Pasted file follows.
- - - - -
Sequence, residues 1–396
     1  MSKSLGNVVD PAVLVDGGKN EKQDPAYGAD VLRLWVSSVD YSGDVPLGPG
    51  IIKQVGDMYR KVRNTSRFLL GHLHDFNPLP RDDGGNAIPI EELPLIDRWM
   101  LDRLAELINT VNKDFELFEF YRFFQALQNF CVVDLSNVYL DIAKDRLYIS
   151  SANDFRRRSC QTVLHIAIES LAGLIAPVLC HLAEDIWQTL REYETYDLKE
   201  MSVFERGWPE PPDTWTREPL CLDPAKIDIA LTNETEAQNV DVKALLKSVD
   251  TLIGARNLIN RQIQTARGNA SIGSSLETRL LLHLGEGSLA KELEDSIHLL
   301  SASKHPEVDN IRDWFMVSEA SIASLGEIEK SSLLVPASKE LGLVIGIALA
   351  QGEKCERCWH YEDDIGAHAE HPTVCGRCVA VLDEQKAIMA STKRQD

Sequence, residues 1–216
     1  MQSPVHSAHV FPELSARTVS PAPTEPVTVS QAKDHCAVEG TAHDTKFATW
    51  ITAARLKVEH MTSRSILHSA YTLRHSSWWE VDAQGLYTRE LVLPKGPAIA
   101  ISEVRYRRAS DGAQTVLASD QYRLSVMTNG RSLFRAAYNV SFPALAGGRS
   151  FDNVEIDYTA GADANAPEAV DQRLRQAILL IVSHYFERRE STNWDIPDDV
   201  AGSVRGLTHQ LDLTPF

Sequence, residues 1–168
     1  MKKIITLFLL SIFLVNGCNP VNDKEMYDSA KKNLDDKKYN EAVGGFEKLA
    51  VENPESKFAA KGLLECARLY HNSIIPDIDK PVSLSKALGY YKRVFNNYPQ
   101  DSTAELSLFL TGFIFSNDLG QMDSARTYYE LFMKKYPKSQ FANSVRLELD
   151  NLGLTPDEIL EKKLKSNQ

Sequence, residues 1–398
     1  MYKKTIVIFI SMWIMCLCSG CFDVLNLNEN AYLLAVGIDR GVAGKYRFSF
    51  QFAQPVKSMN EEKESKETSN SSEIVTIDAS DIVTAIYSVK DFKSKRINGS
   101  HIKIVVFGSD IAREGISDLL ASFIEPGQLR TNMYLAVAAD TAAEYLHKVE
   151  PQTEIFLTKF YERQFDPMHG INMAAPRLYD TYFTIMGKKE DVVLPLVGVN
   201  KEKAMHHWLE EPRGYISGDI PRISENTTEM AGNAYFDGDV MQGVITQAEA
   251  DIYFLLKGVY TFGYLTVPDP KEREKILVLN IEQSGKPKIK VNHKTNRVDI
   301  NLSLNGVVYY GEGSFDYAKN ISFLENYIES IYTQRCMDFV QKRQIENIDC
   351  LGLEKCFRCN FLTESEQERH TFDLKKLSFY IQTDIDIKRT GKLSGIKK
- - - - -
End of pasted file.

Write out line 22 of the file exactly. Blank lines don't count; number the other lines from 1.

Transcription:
     1  MYKKTIVIFI SMWIMCLCSG CFDVLNLNEN AYLLAVGIDR GVAGKYRFSF